8 words every Bay Area runner should know

By August 5, 2015Run

One of the many great things about being from the Bay is that we practically speak a different language than the rest of the country. If you’re planning on running in the Bay and you’re not from the Bay, here’s a brief dictionary of words you should definitely know.

1.  Yee

“Yee” is a variation of “yes,” but it’s a way of agreeing to a plan or statement with a level of excitement that doesn’t always necessitate an exclamation point.

  • “Are you going to run through Golden Gate Park?” “Yee.”

2.  Good Looks

“Good looks” is a shortening of the phrase “good looking out,” which is a variation of “thank you for your help and consideration.” It’s best used when someone answers a request for information (typically via text), or when someone does a favor for you.

  • “Hey, how was the run on Embarcadero?”
    “Definitely one to remember! You’ll love it.”
    “Good looks.”
  • “Excuse me, your shoes are untied.”
    “Good looks!”

3. Coo

“Coo” is a shortening of “cool” that can be used it two ways. “I’m coo off ___,” translates to “I’m over this person or this thing.” It can also be used to describe a desirable or attractive female.

  • “You want the rest of these wings?”
    “Nah, I’m coo off wings. I gotta stay in shape for this marathon coming up.”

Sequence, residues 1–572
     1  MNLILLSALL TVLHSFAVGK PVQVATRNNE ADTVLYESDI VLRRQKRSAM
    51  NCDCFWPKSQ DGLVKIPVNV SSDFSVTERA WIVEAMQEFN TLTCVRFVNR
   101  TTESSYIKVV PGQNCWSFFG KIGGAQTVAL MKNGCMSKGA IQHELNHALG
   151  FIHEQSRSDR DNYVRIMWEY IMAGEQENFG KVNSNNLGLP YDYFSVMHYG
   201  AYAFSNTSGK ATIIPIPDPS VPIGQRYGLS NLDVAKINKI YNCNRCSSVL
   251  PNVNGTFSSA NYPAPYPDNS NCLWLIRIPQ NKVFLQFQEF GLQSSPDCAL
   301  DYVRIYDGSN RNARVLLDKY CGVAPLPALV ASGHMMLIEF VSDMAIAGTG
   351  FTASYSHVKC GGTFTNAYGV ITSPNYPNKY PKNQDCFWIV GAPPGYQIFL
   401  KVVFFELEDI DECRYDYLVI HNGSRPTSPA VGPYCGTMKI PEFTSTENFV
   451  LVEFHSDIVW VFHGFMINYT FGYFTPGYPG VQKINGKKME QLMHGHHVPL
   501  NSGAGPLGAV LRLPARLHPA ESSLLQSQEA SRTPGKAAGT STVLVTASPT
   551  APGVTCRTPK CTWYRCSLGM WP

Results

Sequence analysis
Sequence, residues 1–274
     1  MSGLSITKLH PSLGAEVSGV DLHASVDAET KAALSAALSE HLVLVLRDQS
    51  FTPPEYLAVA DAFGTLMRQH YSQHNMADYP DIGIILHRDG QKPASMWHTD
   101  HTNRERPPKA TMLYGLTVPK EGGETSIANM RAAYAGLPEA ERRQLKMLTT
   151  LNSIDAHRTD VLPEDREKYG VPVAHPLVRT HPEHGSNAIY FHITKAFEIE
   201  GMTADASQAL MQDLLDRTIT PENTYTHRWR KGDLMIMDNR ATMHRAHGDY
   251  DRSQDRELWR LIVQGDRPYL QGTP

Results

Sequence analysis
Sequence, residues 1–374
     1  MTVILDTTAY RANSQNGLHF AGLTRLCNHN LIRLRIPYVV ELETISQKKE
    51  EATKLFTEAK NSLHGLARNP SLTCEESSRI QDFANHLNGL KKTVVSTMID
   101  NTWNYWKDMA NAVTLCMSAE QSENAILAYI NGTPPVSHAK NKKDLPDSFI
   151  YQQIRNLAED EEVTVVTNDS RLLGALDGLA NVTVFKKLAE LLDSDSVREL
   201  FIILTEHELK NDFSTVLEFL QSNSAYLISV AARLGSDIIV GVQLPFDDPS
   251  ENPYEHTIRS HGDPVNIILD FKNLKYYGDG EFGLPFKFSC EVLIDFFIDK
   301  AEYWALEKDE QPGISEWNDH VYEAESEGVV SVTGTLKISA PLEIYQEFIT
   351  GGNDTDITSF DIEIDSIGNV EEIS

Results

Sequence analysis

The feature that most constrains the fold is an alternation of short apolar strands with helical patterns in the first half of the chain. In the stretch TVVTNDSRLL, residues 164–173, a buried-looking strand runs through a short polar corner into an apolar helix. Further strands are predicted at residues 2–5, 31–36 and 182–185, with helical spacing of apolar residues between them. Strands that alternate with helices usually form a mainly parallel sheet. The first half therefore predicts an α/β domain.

• “Kristen is coo.” (When used in this way, there’s an emphasis and elongation of the ‘oooo’ sound that begs an agreement, as if you’re saying, “Kristen is so sexy, am I right?”)

4.  On Mommas

“On mommas” is short for “I put that on my momma,” which is a way of emphasizing that whatever you’re saying is the truth.

  • “Did you really run a marathon in 1:00:00?”
    “Of course I did! On mommas.”

5.  Swoop

“Swoop” is a substitute for “pick up.”

  • “If you want to go run, I’ll swoop you in five.”

6.  Giggin’

“Giggin’’ is a verb used as a substitute for “having a really, really great time” or “completely elated and in your own world, often while dancing.” It isn’t used as frequently as some of the other words, but it’s unique in that there isn’t really an English word that says as much as “giggin.”

  • “Did you like my dance after I finished that marathon?”
    “Yeah you were giggin’!”

7.  Fasho

“Fasho” may not have originated from the Bay, but I’ve never heard someone from NorCal use “definitely,” “okay,” “yes,” or “you’re welcome,” so it’s a versatile word that’s used quite often. All of the following statements could precede the response ‘fasho’:

  • “I’ll be there in 5”
  • “Is it cool if I grab a drink from your fridge before we hit this 2 mile?”

Next time you’re running in the Bay, swoop some Swiftwick socks at your local Swiftwick retailer! Trust us, you’ll be giggin’.